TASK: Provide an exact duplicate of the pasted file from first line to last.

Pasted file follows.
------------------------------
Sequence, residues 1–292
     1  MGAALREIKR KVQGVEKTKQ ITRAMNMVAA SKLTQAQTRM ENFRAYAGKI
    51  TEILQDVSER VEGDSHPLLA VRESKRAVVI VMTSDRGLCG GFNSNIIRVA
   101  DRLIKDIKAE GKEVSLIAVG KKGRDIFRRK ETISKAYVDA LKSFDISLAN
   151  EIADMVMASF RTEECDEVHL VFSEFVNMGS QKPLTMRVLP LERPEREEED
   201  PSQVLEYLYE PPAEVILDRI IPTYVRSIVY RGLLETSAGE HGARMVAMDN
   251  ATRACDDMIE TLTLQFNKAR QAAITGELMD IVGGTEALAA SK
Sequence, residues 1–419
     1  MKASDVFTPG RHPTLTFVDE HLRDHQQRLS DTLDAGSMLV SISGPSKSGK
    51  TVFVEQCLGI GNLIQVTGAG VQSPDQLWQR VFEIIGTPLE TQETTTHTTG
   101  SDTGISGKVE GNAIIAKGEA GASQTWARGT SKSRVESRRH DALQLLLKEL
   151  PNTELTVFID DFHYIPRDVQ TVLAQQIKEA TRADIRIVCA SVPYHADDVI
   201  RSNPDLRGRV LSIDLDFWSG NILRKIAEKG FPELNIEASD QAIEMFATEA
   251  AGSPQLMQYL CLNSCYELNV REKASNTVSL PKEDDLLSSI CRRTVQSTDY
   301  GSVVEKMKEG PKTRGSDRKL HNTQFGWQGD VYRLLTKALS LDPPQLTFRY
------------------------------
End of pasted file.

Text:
Sequence, residues 1–292
     1  MGAALREIKR KVQGVEKTKQ ITRAMNMVAA SKLTQAQTRM ENFRAYAGKI
    51  TEILQDVSER VEGDSHPLLA VRESKRAVVI VMTSDRGLCG GFNSNIIRVA
   101  DRLIKDIKAE GKEVSLIAVG KKGRDIFRRK ETISKAYVDA LKSFDISLAN
   151  EIADMVMASF RTEECDEVHL VFSEFVNMGS QKPLTMRVLP LERPEREEED
   201  PSQVLEYLYE PPAEVILDRI IPTYVRSIVY RGLLETSAGE HGARMVAMDN
   251  ATRACDDMIE TLTLQFNKAR QAAITGELMD IVGGTEALAA SK
Sequence, residues 1–419
     1  MKASDVFTPG RHPTLTFVDE HLRDHQQRLS DTLDAGSMLV SISGPSKSGK
    51  TVFVEQCLGI GNLIQVTGAG VQSPDQLWQR VFEIIGTPLE TQETTTHTTG
   101  SDTGISGKVE GNAIIAKGEA GASQTWARGT SKSRVESRRH DALQLLLKEL
   151  PNTELTVFID DFHYIPRDVQ TVLAQQIKEA TRADIRIVCA SVPYHADDVI
   201  RSNPDLRGRV LSIDLDFWSG NILRKIAEKG FPELNIEASD QAIEMFATEA
   251  AGSPQLMQYL CLNSCYELNV REKASNTVSL PKEDDLLSSI CRRTVQSTDY
   301  GSVVEKMKEG PKTRGSDRKL HNTQFGWQGD VYRLLTKALS LDPPQLTFRY